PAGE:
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The Student News Site of Texas A&M University - College Station

The Battalion

The Student News Site of Texas A&M University - College Station

The Battalion

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4 takeaways from A&M-Ole Miss

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Photo by via @AggieFootball Twitter

Freshman linebacker Edgerrin Cooper made a big stop for the Aggies in the third quarter, sacking Ole Miss quarterback Matt Corral. 

On Saturday, Nov. 13, No. 11 Texas A&M football traveled to Oxford, Miss., to take on the No. 12 Ole Miss Rebels. This was A&M’s first time playing against the Rebels since 2019, with the 2020 contest being canceled due to COVID-19. 

Here’s what we learned in A&M’s eventual 29-19 loss to the Rebels:

Aggies started flat

A&M got off on the wrong foot in the first half. When it came to the statsheet, the Rebels garnered 408 total yards, with 216 passing and the remaining 192 from the run game. Comparatively, A&M only managed to accumulate a total of 91 yards in the first half, including 43 rushing and 48 passing yards. Further solidifying the poor half for the Aggies was the fact that Ole Miss recorded more yards in the first half than six of A&M’s former opponents gained during each of their entire games against the Aggies. Additionally, junior running back Isaiah Spiller gave up his first ever safety in the second quarter, moving the score from 15-0. 

A&M head coach Jimbo Fisher said the Aggies failed to execute during the first half in Vaught-Hemingway Stadium.

“Offensively, [in the] first half, we had too many missed assignments,” Fisher said. “We didn’t play with enough poise; we didn’t play with enough poise on offense and defense [in the] first half. We didn’t play and execute the plays, make the tackles; that’s a disappointing thing.”

Game-changers 

A&M had three specific plays that changed the outcome of the game from a possible win to a seemingly definite loss. First, the safety from Spiller in the second quarter caused the Aggies to give up two points. Next, in back-to-back drives in the fourth quarter, there was an intended pass to freshman wide receiver Demond Demas which was intercepted by junior linebacker Ashanti Cistrunk, ending the drive for the Aggies and eventually resulting in a touchdown and extra point for the Rebels. Lastly, redshirt sophomore quarterback Zach Calzada’s pick-six, intended once again for Demas, was returned by Ole Miss junior defensive back AJ Finley.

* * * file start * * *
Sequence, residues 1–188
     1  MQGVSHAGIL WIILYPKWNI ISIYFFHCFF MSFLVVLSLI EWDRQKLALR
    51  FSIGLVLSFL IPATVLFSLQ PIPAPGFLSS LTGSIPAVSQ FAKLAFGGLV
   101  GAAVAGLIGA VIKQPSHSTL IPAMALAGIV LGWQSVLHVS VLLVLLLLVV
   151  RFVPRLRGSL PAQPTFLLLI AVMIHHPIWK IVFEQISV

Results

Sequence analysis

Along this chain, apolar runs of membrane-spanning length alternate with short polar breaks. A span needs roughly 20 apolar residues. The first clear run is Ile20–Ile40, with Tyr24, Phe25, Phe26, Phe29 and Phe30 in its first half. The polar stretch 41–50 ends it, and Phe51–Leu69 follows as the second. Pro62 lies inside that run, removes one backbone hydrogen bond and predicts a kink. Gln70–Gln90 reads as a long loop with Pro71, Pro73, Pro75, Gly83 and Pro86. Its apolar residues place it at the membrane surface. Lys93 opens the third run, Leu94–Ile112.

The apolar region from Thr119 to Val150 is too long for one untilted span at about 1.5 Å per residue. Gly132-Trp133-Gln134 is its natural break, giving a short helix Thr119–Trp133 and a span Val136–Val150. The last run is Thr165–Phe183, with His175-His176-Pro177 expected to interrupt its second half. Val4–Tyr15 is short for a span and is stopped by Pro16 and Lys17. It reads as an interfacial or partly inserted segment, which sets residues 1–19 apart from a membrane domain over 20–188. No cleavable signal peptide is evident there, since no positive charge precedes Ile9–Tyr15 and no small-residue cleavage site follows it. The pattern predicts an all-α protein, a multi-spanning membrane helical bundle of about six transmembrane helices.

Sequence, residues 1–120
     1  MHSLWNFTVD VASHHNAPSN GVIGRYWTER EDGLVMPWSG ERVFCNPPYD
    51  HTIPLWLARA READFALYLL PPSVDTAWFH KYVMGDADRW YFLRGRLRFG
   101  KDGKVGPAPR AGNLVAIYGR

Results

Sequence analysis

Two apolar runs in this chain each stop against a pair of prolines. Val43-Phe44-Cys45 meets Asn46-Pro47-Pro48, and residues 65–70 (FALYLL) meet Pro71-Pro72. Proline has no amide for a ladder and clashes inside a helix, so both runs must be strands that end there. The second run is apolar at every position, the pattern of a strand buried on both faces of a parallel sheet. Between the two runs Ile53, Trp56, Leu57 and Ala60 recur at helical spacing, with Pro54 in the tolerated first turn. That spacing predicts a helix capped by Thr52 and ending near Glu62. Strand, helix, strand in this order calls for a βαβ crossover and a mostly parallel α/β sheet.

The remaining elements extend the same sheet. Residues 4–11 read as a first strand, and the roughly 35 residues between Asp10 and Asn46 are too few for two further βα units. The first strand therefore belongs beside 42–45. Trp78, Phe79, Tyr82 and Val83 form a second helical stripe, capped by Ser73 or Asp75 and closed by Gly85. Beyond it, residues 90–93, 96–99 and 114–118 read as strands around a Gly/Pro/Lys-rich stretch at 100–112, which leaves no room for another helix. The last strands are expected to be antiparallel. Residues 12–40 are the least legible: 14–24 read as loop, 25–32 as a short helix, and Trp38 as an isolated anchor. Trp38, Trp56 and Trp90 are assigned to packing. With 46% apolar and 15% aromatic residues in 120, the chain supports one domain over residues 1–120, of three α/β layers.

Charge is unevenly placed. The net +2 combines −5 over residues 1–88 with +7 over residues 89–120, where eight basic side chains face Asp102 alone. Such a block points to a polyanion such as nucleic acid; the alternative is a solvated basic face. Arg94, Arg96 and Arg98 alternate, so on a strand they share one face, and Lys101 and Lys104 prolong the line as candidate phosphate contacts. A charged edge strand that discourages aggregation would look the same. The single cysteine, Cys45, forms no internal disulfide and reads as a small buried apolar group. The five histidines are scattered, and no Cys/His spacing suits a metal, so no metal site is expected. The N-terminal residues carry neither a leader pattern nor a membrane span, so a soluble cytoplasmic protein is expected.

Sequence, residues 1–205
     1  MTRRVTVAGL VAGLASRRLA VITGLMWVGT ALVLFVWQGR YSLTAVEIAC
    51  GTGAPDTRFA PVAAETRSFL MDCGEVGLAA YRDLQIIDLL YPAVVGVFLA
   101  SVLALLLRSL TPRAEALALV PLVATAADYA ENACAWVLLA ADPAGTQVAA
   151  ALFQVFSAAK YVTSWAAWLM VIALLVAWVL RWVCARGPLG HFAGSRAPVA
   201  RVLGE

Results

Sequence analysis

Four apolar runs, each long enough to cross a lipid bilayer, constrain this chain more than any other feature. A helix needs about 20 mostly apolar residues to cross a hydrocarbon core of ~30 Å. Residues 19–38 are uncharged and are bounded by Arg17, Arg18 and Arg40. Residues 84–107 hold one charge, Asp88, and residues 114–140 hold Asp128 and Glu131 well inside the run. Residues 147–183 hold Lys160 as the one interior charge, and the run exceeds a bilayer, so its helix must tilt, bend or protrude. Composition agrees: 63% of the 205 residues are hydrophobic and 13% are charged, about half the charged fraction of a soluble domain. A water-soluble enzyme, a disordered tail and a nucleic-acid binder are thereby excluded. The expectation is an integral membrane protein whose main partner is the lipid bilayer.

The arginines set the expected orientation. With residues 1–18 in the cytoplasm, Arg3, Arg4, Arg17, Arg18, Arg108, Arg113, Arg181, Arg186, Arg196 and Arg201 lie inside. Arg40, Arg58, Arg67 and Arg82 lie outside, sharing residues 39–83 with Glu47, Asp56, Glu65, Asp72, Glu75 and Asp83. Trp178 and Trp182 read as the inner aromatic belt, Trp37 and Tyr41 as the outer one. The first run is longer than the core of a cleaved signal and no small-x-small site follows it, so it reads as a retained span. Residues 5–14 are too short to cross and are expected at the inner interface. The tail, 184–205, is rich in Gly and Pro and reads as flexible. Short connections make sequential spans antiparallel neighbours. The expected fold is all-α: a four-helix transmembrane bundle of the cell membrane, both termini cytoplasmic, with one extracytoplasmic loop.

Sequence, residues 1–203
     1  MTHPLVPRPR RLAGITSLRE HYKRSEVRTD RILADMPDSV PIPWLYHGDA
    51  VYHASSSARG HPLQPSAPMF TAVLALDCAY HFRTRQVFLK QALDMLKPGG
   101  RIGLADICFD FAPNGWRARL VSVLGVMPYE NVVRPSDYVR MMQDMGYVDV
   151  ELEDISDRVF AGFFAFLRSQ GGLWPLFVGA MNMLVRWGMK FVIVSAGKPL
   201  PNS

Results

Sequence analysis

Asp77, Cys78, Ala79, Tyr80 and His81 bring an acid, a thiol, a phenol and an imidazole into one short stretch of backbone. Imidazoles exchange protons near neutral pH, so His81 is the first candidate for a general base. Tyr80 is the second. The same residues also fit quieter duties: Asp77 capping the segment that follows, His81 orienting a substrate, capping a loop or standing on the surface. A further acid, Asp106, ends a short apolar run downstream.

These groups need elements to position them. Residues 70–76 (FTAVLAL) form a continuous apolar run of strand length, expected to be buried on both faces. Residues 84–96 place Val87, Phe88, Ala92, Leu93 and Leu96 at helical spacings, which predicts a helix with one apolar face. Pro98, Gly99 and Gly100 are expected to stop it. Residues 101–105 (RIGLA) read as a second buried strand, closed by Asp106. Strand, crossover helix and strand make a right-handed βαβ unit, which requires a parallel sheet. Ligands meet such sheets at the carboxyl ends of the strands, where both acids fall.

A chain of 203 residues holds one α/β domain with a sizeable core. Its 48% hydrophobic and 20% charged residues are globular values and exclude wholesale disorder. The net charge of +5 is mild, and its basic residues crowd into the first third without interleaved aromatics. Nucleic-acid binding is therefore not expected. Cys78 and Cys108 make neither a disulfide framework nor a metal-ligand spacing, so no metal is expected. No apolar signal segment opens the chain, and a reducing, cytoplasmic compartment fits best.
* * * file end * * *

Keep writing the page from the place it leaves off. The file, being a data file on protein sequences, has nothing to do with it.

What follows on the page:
Sophomore defensive back Antonio Johnson said the pick-6 is what sealed the loss for the maroon and white.

“The first pick put us in a tough situation,” Johnson said. “And then the pick-6, I feel like that did it. But we still played hard until the end.”

Targeting

Demas was hit hard by senior safety Jake Springer in the second drive of the third quarter. The play eventually resulted in Demas being surrounded by multiple medical assistants and being taken to the medical tent. Upon further review, the contact was deemed targeting and Springer was ejected from the game, per NCAA rules.

Junior offensive lineman Kenyon Green said there was a shift in energy on the sidelines following Demas going down.

“[On the sidelines we] were just trying to make sure he’s OK,” Green said. “[But then] we had to go finish the drive, go finish the game for him.”

No time for huddles

Ole Miss head coach Lane Kiffin is well known for his fast moving offense, giving opposing defenses little time to adjust between plays. The ESPN broadcast even had a clock in the top left corner of the screen, counting the seconds for how much time progressed in between snaps. The Aggies needed time to adjust, of which Ole Miss took advantage, scoring a field goal on its first drive and a touchdown and completing an extra point on its second.

Fisher said Ole Miss’s fast-paced offense was a momentum-changer.

“It is [tiring to defend] on offense if you don’t get your plays in,” Fisher said. “It becomes tiring. It’s a momentum thing … Everything is momentum.”

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